- 13.—, and H. Yoshikawa (2002). “Demand saturation-creation and economic growth”, J. Econ. Behav. Org. 48Google Scholar
- 14.Carlton, M. A., (1999). “Applications of the two-parameter Poisson-Dirichlet distribution”, Ph.D. dissertation, Univ. California. Los Angeles.Google Scholar
- 15.Costantini, D, and U. Garibaldi (1979) “A probabilistic foundation of elementary particle statistics” Stud. Hist. 28, 483–506MathSciNetGoogle Scholar
- 16.Costantini, D. (2000) “A probability theory for macroeconomic modelling”, Mimeo, Dep. Stat. University of Bologna.Google Scholar
- 17.Dixit, A., (1989). “Entry and exit decisions of firms under fluctuating real exchange rates,” J. Pol. Econ. 97, 620–637.Google Scholar
- 18.Ewens, W. J., (1972). “The sampling theory of selectively neutral alleles”, Theor. Pop. Biol. 3 87–112.MATHMathSciNetGoogle Scholar
- 19.—, (1990) “Population genetic theory-The past and the future’” in Mathematical and Statistical Developments of Evolutionary Theory, edited by S. Lessard, Kluwer Academic Publishers, LondonGoogle Scholar
- 20.—, (1996) “Remarks on the law of sucession”, in Athens Conf. on Applied Probab. on Time Series AnalysisGoogle Scholar
- 21.Feller, W. 1968 Introduction to Probability Theory, Vol.I, Wiley, New York.Google Scholar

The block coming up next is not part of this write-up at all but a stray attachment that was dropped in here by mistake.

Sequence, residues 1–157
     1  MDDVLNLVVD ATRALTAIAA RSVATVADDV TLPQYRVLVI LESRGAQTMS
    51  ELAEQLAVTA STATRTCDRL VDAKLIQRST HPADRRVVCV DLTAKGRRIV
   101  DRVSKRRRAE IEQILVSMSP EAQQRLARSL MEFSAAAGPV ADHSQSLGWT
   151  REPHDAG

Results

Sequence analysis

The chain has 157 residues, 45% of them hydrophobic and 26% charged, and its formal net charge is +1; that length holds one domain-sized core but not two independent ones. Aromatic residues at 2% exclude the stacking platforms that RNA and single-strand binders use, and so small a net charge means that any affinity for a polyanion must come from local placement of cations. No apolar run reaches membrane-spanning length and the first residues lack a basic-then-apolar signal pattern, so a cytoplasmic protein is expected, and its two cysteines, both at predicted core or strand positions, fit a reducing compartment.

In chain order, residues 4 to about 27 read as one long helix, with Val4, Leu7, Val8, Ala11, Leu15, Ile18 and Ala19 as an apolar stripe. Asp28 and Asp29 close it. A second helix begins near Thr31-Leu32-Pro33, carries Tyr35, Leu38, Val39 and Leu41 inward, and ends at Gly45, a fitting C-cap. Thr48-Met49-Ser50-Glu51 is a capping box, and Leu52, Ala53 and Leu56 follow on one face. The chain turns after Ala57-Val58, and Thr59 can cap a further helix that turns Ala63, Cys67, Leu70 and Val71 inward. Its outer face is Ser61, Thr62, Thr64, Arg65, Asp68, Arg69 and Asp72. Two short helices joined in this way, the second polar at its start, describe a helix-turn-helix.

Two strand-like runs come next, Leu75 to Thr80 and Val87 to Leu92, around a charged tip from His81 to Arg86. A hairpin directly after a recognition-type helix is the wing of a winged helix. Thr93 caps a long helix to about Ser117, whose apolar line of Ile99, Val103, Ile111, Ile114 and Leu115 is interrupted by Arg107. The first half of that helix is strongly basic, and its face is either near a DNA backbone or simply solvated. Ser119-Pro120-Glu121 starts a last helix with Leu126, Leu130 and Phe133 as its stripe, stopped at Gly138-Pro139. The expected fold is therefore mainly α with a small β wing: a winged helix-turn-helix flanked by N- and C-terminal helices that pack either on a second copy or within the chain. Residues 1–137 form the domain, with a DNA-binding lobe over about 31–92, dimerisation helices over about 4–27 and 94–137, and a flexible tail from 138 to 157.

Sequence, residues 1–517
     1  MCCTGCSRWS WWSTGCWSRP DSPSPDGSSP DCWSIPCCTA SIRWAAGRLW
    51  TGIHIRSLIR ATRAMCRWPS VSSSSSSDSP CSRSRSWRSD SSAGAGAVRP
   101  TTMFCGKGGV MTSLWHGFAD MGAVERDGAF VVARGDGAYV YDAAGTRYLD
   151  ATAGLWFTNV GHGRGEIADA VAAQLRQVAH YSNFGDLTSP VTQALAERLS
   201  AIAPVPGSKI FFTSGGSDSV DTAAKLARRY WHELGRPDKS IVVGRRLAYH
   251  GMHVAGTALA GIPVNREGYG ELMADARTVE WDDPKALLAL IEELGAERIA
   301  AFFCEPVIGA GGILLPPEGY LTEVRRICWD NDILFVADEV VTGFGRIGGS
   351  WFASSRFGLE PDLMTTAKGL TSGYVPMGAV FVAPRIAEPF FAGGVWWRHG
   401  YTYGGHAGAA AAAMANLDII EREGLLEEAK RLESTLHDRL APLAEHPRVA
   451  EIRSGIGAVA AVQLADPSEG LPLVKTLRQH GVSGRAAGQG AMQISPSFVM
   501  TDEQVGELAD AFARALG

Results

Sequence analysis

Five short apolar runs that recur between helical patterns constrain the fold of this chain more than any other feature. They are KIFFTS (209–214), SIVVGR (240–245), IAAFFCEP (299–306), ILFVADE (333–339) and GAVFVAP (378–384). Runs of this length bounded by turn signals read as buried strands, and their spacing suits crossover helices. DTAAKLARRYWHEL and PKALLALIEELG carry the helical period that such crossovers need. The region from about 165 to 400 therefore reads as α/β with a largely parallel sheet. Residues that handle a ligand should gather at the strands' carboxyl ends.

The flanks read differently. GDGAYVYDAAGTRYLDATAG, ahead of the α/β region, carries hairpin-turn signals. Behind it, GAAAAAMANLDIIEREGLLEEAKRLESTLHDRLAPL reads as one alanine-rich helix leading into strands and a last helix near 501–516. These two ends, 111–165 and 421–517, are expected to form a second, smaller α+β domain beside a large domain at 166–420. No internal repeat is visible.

- 22.Feng, S., and F. M. Hoppe (1998). “Large deviation principles for some random combinatorial structures in population genetics”, Ann. Appl. Probab. 8, 975–94.MathSciNetGoogle Scholar
- 23.Hoppe, F., (1984) “Polya-like urns and the Ewens sampling formula” J. Math. Biol. 20 91–94CrossRefMATHMathSciNetGoogle Scholar
- 24.— (1987) “The sampling theory of neutral alleles and an urn model in population genetics,” J. Math. Biol. 25, 123–59MathSciNetGoogle Scholar
- 25.Kelly, F., (1979) Reversibility and Stochastic Networks, J. Wiley, New York.Google Scholar
- 26.Kingman, J.F.C., (1992) Poisson Processes, Oxford Clarendon Press.Google Scholar
- 27.— (1980), Mathematics of Genetic Diversity, SIAM, PhiladelphiaGoogle Scholar
- 28.Pitman, J., (1992) “The two-parameter generalization of Ewens’ random partition structure”, Tech. Report 345, Department of Statistics, UC Berkeley, reissued with addendum in (2002).Google Scholar
- 29.—, (2002). “Combinatorial Stochastic Processes,” Lecture notes, St. Flour lecture course.Google Scholar
- 30.— (1995) “Partially exchangeable random partitions” Probab. Theory and Related Fields 102 145–58. van Lint, J. H., and R.M. Wilson, (1992) A Course in Combinatorics, Cambridge Univ. Press, New YorkGoogle Scholar
- 31.Sachkov, V. N., Probabilistic Methods in Combinatorial Anaysis, Cambridge Univ. Press, Cambridge, 1996.Google Scholar
- 32.Watterson, G.A., (1976) “The stationary distribution of the infinitely-many neutral alleles diffsusion models”, Journal of Applied Prob. 13, 639–651MATHMathSciNetGoogle Scholar
- 33.—, and Guess, H. A., (1977) “Is the most frequent allele the oldest?’ Theor. Popul. Biol. II, 141–60Google Scholar
- 34.Van Lint, J., and R. M. Wilson (1992) A Course in Combinatorics Cambridge Univ. Press, New York.Google Scholar
- 35.Whittle, P (1986) “Systems in Stochastic Equilibrium” Wiley, New YorkGoogle Scholar
- 36.Zabell, S., “Predicting the Unpredictable”, Synthese 90 205–32, 1992.CrossRefMATHMathSciNetGoogle Scholar
- 37.— (1982). “W. E. Johnson’s sufficientness postulate,” Ann. Stat. 10, 1090–1099.MathSciNetGoogle Scholar
- 38.— (1997) “The continuum of inductive methods revisited” in Earman, J., and J.D. Norton (eds) Cosmos of Science, Univ. Pittsburg Press.Google Scholar